The court in Massachusetts may appoint a guardian for an elderly person who lacks the ability to make important decisions regarding his or her own care. According to the Massachusetts Guardianship Association, someone requesting the guardianship must provide evidence that the person in question is incapacitated and needs a guardian to make health care and other decisions for him or her. Normal guardianship does not cover all medical circumstances, though, and in some situations, the court may require a Rogers Guardianship.
For many Massachusetts families, determining who to rely on as a legal guardian for incapacitated loved ones is met with angst and stress. Whether a couple is seeking guardianship for their children if something were to happen to them, or someone is looking for a guardian for an elderly or disabled family member, determining who should undertake such a serious responsibility should be done carefully.
The majority of adult children whose senior parents live on their own will go out of their way to ensure that their mother and father are living safely and comfortably. Depending on the circumstances, this could mean little more than daily phone calls, or it could also mean regular visits to perform chores and wellness checks.
There are many worries a person may have regarding an elderly loved one. For one, they may have concerns about whether their loved one will have enough resources to have a comfortable retirement. One thing they might be quite worried about on this front is the possibility of major depletions of their loved one’s assets.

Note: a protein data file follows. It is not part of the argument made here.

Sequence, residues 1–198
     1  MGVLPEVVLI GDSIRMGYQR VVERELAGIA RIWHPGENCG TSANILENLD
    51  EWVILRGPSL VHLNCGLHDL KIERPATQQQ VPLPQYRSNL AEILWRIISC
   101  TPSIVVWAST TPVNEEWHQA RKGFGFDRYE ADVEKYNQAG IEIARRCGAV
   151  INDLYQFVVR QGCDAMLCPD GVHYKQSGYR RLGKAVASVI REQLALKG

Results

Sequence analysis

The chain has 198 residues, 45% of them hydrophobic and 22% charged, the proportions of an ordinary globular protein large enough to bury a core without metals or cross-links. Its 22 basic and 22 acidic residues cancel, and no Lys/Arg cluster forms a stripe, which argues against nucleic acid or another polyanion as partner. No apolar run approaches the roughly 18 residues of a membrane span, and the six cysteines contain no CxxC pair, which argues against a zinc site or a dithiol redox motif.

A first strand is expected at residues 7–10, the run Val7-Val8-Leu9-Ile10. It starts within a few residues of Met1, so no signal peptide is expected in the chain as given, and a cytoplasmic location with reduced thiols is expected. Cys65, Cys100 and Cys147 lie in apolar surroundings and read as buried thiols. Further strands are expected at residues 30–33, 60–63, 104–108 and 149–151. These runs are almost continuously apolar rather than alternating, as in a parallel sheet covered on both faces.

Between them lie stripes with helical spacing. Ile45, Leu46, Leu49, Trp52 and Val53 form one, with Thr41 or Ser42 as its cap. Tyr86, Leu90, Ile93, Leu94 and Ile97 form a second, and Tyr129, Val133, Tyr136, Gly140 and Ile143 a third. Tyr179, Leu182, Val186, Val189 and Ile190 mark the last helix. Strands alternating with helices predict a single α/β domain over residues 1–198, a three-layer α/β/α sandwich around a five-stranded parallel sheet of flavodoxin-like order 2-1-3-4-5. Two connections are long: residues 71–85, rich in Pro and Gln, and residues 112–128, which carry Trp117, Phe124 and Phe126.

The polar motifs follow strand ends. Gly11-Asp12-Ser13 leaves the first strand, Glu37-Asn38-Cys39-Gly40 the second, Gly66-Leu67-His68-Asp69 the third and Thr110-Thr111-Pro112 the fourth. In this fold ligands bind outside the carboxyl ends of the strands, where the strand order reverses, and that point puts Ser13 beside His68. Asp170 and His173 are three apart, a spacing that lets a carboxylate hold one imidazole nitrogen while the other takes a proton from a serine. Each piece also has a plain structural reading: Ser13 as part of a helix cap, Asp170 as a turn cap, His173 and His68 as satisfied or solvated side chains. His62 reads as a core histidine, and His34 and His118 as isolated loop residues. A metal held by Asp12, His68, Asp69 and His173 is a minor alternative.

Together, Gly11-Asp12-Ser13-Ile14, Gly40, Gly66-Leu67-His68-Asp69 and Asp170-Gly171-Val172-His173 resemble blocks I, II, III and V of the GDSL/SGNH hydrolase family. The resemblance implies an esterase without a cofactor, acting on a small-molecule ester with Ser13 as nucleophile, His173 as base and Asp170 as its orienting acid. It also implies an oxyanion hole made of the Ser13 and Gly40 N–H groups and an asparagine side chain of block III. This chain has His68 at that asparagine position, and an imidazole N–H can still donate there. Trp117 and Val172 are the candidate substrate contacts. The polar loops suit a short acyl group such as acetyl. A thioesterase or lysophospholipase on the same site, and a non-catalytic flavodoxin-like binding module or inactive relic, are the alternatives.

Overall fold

What particular end-of-life care a person receives can impact many things. This includes where they end up spending a majority of their time at the end of their life: at home or in a hospital.
When a person is appointed conservator of a relative or other loved one, they are granted some very significant powers regarding their loved one’s finances. Given the power that is given to conservators, it is no surprise that there are many duties and responsibilities placed on these individuals.
From cons, to scams, to thefts, to fraud, to false promises, to coercion, to scare tactics, to forgeries, elder financial abuse can take all manner of different forms. Whatever its particularly type, elder financial exploitation can wreak havoc on an elderly individual and their family, financially and emotionally.
What trends are occurring when it comes to how common elder financial abuse is matters greatly, given how harmful such abuse is to its victims. A recent survey indicates that we might be starting to see an encouraging trend on this front: a decrease in elder financial abuse.
There are all kinds of important decisions we make in our everyday lives. Sometimes, circumstances will make it so a person no longer has the ability to make these decisions. When this occurs, a court may decide to appoint an individual to make decisions for the person, such as a guardian or a conservator.